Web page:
I’ll be waiting to see how this gets spun for “tax effort” in an attempt to get even more money for Providence.
A true reflection of tax cost per resident would include water and sewer district costs. Plus, don’t forget, for rural and some suburban residents, me, for instance, there are also costs associated with garbage pickup, ISDS and wells. If you are going to be “fair” you need to put a realistic “tax” allowance in there even though those costs are paid to private concerns.
In Florida, I get tax bills from more damn quangos – I guess reducing property tax by splitting services out and under various taxing entities looks more palatable. Add’em all up and add in the zero FL income tax and it is still a bargain with respect to RI.

Monique
Editor
11 years ago

Data. Data. Beautiful, lovely data. Ah hah! Ah hah!
“In Florida, I get tax bills from more damn quangos”
Wow. That sounds like a constitutional challenge waiting to happen.

Monique
Editor
11 years ago

“In Florida, I get tax bills from more damn quangos”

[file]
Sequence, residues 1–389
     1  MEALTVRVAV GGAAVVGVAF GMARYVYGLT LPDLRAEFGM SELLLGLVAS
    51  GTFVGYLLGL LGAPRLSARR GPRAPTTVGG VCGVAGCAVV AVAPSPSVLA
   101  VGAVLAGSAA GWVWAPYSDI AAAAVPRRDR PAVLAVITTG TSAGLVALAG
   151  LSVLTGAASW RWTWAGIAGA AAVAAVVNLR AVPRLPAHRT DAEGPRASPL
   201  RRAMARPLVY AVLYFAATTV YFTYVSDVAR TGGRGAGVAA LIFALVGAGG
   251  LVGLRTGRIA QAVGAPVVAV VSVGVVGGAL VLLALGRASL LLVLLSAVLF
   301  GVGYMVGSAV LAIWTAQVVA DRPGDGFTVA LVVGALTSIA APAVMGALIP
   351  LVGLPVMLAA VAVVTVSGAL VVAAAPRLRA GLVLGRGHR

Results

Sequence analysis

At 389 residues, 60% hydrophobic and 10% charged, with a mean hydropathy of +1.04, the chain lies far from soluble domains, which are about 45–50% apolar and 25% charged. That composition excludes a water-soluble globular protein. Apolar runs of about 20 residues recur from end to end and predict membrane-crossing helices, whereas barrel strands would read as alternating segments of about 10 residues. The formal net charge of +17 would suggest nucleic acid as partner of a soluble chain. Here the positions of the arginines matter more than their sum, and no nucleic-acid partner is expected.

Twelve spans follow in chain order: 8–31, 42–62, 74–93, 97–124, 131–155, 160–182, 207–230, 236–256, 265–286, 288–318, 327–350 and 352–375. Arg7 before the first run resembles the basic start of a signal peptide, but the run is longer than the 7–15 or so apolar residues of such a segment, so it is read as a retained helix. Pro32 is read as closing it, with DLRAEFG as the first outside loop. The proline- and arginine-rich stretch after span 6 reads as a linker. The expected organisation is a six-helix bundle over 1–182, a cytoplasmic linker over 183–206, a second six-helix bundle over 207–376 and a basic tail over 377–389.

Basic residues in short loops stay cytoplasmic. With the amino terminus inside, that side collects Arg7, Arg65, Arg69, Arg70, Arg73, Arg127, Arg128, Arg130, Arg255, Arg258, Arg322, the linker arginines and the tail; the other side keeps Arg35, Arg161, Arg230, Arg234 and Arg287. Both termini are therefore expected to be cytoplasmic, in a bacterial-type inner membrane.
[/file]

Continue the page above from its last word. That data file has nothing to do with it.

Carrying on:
… although, on second thought, does that mean that some services have been privatized? With a corresponding reduction in the cost to deliver those services? H’mm …

chuckR
chuckR
11 years ago

Monique
The entities don’t appear – to me at least – to differ from the Narragansett Bay Commission. I’m not a certifiable Political Scientist so there may be some difference not evident to the mere mortal. In past years, I haven’t been there long enough each year to get into whether these entities are more efficient. And nothing stands still – incremental costs due to demands of a greater population are probably higher than baseline costs.